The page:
So far all good and simple! Now it's time to go back and check how the data is collected and queried. Let's start from Step #1: pushing Twitter data to Kafka!

Kafka

We covered Kafka installation and setup in previous blog post, so I'll not repeat this part.
The only piece I want to mention, since gave me troubles, is the advertised.host.name setting: it's a configuration line in /opt/kafka*/config/server.properties that tells Kafka which is the host where it's listening.

If you leave the default localhost and try to push content to a topic from an external machine it will not show up, so as pre-requisite change it to a hostname/IP that can be resolved externally.

The rest of the Kafka setup is the creation of a Twitter producer, I took this Java project as example and changed it to use the latest Kafka release available in Maven. It allowed me to create a Kafka topic named rm.wimbledon storing tweets containing the word Wimbledon.

The same output could be achieved using Kafka Connect and its sink and source for twitter. Kafka Connect has also the benefit of being able to transform the data before landing it in Kafka making the data parsing easier and the storage faster to retrieve. I'll cover the usage of Kafka Connect in a future post, for more informations about it, check this presentation from Robin Moffatt of Confluent.

One final note about Kafka: I run a command to limit the retention to few minutes

bin/kafka-topics.sh --zookeeper localhost:2181 --alter --topic rm.wimbledon --config retention.ms=300000  

This limits the amount of data that is kept in Kafka, providing better performances during query time. This is not always possible in Kafka due to data collection needs and there are other ways of optimizing the query if necessary.

At this point of our project we have a dataflow from Twitter to Kafka, but no known way of querying it with DVD. It's time to introduce the query engine: Presto!

Presto

Presto was developed at Facebook, is in the family of sql-on-Hadoop tools. However, as per Apache Drill, it could be called sql-on-everything since data don't need to reside on an Hadoop system. Presto can query local file systems, MongoDB, Hive, and a big variety of datasources.

As the other sql-on-Hadoop technologies it works with always-on daemons which avoid the latency proper of Hive in starting a MapReduce job. Presto, differently from the others, divides the daemons in two types: the Coordinator and the Worker. A Coordinator is a node that receives the query from the clients, it analyses and plans the execution which is then passed on to Workers to carry out.

In other tools like Impala and Drill every node by default could add as both worker and receiver. The same can also happen in Presto but is not the default and the documentation suggest to dedicate a single machine to only perform coordination tasks for best performance in large cluster (reference to the doc).

The following image, taken from Presto website, explains the flow in case of usage of the Hive metastore as datasource.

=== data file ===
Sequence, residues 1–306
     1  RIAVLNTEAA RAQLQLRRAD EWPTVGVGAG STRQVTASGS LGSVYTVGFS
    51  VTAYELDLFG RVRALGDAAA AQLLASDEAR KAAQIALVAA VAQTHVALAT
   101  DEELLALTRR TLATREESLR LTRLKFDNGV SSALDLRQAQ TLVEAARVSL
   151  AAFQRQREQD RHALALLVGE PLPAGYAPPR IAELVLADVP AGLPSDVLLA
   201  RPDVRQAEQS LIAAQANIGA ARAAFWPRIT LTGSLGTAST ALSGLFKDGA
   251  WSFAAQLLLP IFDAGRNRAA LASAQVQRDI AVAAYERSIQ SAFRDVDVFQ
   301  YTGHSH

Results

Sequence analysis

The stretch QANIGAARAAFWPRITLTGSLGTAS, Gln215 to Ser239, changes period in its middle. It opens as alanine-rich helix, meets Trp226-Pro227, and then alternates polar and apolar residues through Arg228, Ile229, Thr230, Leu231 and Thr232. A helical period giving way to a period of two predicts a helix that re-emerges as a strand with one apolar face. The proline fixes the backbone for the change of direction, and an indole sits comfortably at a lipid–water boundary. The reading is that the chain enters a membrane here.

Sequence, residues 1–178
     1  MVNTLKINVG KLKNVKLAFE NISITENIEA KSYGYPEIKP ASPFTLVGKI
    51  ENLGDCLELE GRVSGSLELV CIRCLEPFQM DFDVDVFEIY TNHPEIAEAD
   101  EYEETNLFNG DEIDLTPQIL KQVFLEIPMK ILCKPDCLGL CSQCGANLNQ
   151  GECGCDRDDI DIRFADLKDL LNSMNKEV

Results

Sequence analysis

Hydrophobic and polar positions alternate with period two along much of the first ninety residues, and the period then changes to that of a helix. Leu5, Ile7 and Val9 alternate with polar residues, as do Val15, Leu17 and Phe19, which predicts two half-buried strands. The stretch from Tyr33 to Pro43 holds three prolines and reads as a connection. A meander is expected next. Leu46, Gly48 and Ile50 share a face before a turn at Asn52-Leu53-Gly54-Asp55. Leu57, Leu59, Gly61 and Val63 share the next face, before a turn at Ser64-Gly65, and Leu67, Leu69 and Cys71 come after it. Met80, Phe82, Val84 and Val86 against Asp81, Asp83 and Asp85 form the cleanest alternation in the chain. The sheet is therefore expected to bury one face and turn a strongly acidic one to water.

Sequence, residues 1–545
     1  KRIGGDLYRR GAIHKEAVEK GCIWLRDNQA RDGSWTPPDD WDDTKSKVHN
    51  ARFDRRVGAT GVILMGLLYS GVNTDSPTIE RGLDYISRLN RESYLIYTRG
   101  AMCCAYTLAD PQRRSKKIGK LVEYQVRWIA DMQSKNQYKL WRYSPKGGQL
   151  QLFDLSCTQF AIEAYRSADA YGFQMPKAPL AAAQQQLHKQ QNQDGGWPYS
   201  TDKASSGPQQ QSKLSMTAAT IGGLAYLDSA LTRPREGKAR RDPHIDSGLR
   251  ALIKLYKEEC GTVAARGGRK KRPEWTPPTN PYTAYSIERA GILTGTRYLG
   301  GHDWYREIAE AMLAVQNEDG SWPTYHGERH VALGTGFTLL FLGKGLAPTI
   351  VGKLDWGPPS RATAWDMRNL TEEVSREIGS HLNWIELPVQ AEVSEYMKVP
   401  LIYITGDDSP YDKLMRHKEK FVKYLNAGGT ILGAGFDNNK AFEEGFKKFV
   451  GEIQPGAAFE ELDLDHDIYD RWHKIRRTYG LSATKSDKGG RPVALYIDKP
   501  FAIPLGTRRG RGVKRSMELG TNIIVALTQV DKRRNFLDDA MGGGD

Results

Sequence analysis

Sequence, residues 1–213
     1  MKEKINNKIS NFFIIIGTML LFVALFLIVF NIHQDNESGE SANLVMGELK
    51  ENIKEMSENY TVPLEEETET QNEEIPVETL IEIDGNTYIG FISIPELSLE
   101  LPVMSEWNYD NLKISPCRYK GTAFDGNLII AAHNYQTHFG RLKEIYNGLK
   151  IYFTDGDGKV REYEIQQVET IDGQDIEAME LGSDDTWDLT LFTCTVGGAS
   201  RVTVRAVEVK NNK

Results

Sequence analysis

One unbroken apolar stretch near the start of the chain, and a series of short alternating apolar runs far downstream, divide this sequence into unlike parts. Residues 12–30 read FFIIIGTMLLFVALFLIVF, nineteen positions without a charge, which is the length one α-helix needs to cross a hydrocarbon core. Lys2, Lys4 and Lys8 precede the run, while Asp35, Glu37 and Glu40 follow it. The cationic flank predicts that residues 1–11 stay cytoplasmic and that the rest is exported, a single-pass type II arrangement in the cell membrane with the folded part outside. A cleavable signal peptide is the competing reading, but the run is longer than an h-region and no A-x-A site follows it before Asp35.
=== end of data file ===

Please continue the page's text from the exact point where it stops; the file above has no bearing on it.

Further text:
Analyzing Wimbledon Twitter Feeds in Real Time with Kafka, Presto and Oracle DVD v3

Installation

The default Presto installation procedure is pretty simple and can be found in the official documentation. We just need to download the presto-server-0.180.tar.gz tarball and unpack it.

tar -xvf presto-server-0.180.tar.gz  

This creates a folder named presto-server-0.180 which is the installation directory, the next step is to create a subfolder named etc which contains the configuration settings.

Then we need to create five configuration files and a folder within the etc folder:

  • node.environment: configuration specific to each node, enables the configuration of a cluster
  • jvm.config: options for the Java Virtual Machine
  • config.properties: specific coordinator/worker settings
  • log.properties: specifies log levels
  • catalog: a folder that will contain the data source definition

For a the basic functionality we need the following are the configurations:

node.environment

node.environment=production  
node.id=ffffffff-ffff-ffff-ffff-ffffffffffff  
node.data-dir=/var/presto/data  

With the environment parameter being shared across all the nodes in the cluster, the id being a unique identifier of the node and the data-dir the location where Presto will store logs and data.

jvm.config

-server
-Xmx4G
-XX:+UseG1GC
-XX:G1HeapRegionSize=32M
-XX:+UseGCOverheadLimit
-XX:+ExplicitGCInvokesConcurrent
-XX:+HeapDumpOnOutOfMemoryError
-XX:+ExitOnOutOfMemoryError

I reduced the -Xmx parameter to 4GB as I'm running in a test VM. The parameters can of course be changed as needed.

config.properties

Since we want to keep it simple we'll create a unique node acting both as coordinator and as worker, the related config file is:

coordinator=true  
node-scheduler.include-coordinator=true  
http-server.http.port=8080  
query.max-memory=5GB  
query.max-memory-per-node=1GB